Rush of freedom for Elwha as dam comes down
After more than a decade, Elwha Dam is gone and Glines Canyon Dam is mostly gone, reopening a river that once was home to all five species of Pacific salmon.
Seattle Times staff reporter
ELWHA RIVER, Clallam County —
After plugging this mighty mountain river for a century, and fueling decades of controversy, Elwha Dam is history.
"It's no longer there; there is nothing left of it," Don Laford, URS Corp. construction manager on the Elwha takedown job, said Monday.
He swept his hands back and forth as he said "gone," like an umpire calling the river "safe" after a 100-year slide into home plate.
Built beginning in 1910, the Elwha Dam sat five miles from the river's mouth. Contractors in September started taking it down, as well as Glines Canyon Dam, 8 miles more upriver.
The $325 million taxpayer-funded project is intended to restore the salmon runs and ecological productivity of the Elwha and its watershed.
Once home to all five species of Pacific salmon, the river is regarded as one of the best opportunities for environmental restoration anywhere. More than 83 percent of the Elwha watershed is pristine, and permanently protected within Olympic National Park.
On March 9, at about 5 p.m., contractors removed the last of the dam from the river. On Friday, they let the river back into its natural bed, from a man-made diversion channel where it had been routed to allow workers to demolish the dam in the dry.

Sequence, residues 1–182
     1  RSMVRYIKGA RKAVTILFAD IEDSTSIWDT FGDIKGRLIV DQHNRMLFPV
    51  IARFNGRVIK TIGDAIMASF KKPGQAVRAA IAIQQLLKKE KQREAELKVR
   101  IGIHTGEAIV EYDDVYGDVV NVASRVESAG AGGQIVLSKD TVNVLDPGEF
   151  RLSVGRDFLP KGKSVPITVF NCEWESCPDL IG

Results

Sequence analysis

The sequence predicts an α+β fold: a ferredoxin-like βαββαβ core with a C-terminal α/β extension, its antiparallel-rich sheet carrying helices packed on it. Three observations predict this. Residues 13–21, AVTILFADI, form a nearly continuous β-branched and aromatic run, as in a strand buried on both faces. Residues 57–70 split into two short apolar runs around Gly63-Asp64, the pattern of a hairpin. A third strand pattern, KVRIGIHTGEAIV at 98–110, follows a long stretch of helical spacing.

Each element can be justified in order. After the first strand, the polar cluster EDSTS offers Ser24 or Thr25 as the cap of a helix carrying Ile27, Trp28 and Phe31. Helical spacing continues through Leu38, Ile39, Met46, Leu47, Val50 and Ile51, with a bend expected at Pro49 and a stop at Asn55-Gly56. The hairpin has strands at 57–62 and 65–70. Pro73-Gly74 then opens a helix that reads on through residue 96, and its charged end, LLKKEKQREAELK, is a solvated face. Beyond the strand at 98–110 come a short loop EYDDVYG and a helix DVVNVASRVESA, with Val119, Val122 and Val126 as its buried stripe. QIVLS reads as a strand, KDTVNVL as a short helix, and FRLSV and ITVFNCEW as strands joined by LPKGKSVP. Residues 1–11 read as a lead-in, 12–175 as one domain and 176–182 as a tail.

During dam removal, contractors moved the river back and forth between the diversion channel and its bed 10 times in all.
But by the end of this week, the Elwha should be completely restored to its natural channel, once and for all. Contractors will fill the diversion channel with rocks and soil.
The only thing left to do at Elwha Dam after that will be to take out the last bit of the retaining wall, pull out rocks and fill in the riverbed, and grade the site into a more natural form.
The job is way ahead of schedule. Once forecast to take as long as three years, Elwha Dam and Lake Aldwell, its reservoir, should be but a memory as of summer, and maybe even before April is finished, Laford said.
Brian Krohmer, project manager on the job for Barnard Construction, said crews were lucky on the weather — and they also encountered a dam quite ready to topple.
"How do I say this without insulting the people that made it?" said Krohmer, whose office in the construction trailer is decorated with the tattered American flag that flew over Elwha Dam. "Let's just say it wouldn't have passed safety standards today."
Contractors also were able to work with regulatory agencies to do some deconstruction during designated "fish windows," saving months of time.
Work in the river was shut down during fish migrations but continued in other locations.
Glines Canyon Dam — twice the height at 210 feet tall — might be gone by February, said Doug Noyes, supervisor on the Glines deconstruction project. Workers started demolishing the powerhouse there Tuesday.
A trip to the river Monday revealed a transformed landscape. The river races past where it used to choke at the dam. The former Lake Aldwell is a vast delta of sediment.
The river has been cutting through the sediment, creating badlands and hoodoos of sculpted, terraced fine material. The river, milky with sediment, rushes cold and fast through soft cliffs that calve into the water.